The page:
MR. LOBO is the world’s leading TV horror host, at least of the New Generation. His nationally syndicated TV show Cinema Insomnia has a rabid fan base and has been seen by dozens of people coast to coast. Just kidding. Mr. Lobo is a humble icon. His fame and following are both well-deserved and well-earned. He is multi-talented – not only does he write, produce and direct his own shows, but he contributes articles to many blogs and publications, appears in B movies, and is an aspiring filmmaker himself. He is above all a good guy and a great friend, both to me personally and the B Movie Nation in general. Here is the amusing and amazing Mr. Lobo in his own words…
Will the Thrill: Tell us how Cinema Insomnia came to be.
Lobo: Well, Will, the steps of my career have been so gradual and in so many varied parallel fields that it is difficult to define a starting point of what has become more than just a TV show that presents “Misunderstood Movies”. It’s a lifestyle. I was born a film and pop culture fanatic, a shy indoor kid and who’s put thousands of hours into Movie and TV watching. We went to the Drive-in once a week and my first job was an usher in a gorgeous rival theater in Sacramento called The Crest. They showed serials, cartoons, newsreels, trailers and then manager Matius Bombal would come out and present the feature in a tux! I showed creative talent at an early age and was always doing projects, comic books, trading cards, radio plays, live comedy shows, short comedic films and videos—mostly parodies, and other cries for help. My friends and I experimented on weekends and tried to develop some kind of show or vehicle for comedic bits…we meandered for years—nothing ever really stuck. In the 90’s I was head writer for a local comedy stage show called The Moe Betterman Show at a local night club called Old Ironsides. One of the comics from the show was supposed to host a bunch of kitchy retro films in that same nightclub on an off night. He got sick and I stepped in and hosted it as “Commander X”. The projectionist and collector of the films was Scott Moon–a person whom I wanted to meet since we both were publishers of magazines.
Scott published a pop culture magazine called Planet X. They had interviewed my favorite TV horror movie host form my childhood Bob Wilkins! I began writing and doing art design for the mag. Planet-X held a Live Creature Features revival film show at Harlow’s, a posh, retro, dinner theater, in 1998 as a launch for the new issue of the magazine and Bob hosted it. The publisher asked me to write some material with Bob and help direct the show. I was terrified. I learned Bob was much more motivated by presenting the films and doing material than the films themselves. Bob loved my material and encouraged me to be a movie host. I first was flabbergasted and overwhelmed. But I never forgot Bob’s confidence in me—Bob wouldn’t let me forget, either. He mailed postcards and audio tapes telling me to keep going and gave me advice. The real opportunity to do a show didn’t come until 2001, when I was working at KXTV NEWS 10 in TV production they had a 3AM movie that ran 20 minutes short every week. My friend Mike Strange, who also worked at the TV station, and I, walked into the General Managers office and asked if we could fill that 15 minutes. I had done some amateur video tests for something called Insomniac Theater as early as 1995 and we thought it might be time to flesh that hosted show project out.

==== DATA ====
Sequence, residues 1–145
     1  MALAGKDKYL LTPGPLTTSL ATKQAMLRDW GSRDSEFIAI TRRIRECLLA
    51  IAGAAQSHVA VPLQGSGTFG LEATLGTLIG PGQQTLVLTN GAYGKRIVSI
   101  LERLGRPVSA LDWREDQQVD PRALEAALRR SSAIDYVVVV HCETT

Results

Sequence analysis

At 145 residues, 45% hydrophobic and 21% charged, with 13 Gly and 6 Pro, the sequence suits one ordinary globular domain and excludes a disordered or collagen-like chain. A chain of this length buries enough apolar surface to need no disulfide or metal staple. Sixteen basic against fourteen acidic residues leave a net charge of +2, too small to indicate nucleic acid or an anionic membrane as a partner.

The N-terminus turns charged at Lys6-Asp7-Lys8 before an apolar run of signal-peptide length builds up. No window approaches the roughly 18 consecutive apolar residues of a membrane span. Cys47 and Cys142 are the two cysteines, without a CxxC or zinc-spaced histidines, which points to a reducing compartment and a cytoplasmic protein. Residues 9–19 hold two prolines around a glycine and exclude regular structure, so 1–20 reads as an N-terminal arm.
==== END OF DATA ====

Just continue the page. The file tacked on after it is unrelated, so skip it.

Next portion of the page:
The show Insomniac with Dave Atell was premiering on Comedy Central and we had heard rumblings that some overnight stations in other markets called their un-hosted late movie Insomniac Theater…a name change seemed prudent. On a piece of binder paper I wrote every alternate title I could think of. Both Mike and I liked “Cinema Insomnia” because it had a rhyming quality like Creature Features. I was too nervous and self conscious to just be a regular guy like Bob did—not that I knew what normal was anyway. By creating an amplified version of myself, “Mr. Lobo”, it allowed me to be free and actually be more honest…I didn’t care if I looked stupid and I felt I could say things as “Mr. Lobo” that “Erik” never could. We did 22 shows for them and the management never “got it” and it was eventually put on permanent hiatus while the “decided” what they wanted to do with this show that was now bringing ratings, letters and phone calls—but not from the demographic they’re after. Bob even wrote the station and told them to keep me on the air. After a few months while the show was in limbo, Mike had left the station for a better job. I asked the station if I could keep producing new shows on my own and distributing them to other stations. They were allowed me to branch out as long as I didn’t us News 10 films or resources. We had no contract. Scott Moon who was an avid 16mm film collector had an awesome archive and awesome friends (like Bob Ekman and Paul Etcheverry) with awesome archives and I began to build shows around this material and creating the current format of the show with lots of random film clips. I started doing more conventions and live revivals and got to talk with fans who helped me fine tune the show. Bob offered much guidance until he was too ill to do so.
The show was picked up on more and more stations coast to coast including KTEH in the SF Bay Area for 3 years…Creature Features’ old market!
Every director and collaborator (Ken Waller, Todd Thomas, Scott Waters, Aaron Kinney, Robert Neep, Chris Grill, Stan Fong, Larry Scholl, Jay Patrick, Jonathan Morken, Ernie Fosselius, John Stanley, Sara Dunn, Mike Nieder and so many more) we had over the past 9 years left and impression on the show shaped it into what it is today…and it’s still evolving. What was the question again?
Lobo giving the “Cinema Insomnia” oath live on stage in Thrillville
Lobo (who needs to take his own “stay awake” oath), Thrill, Bob Wilkins, Parkway Theater, Oakland CA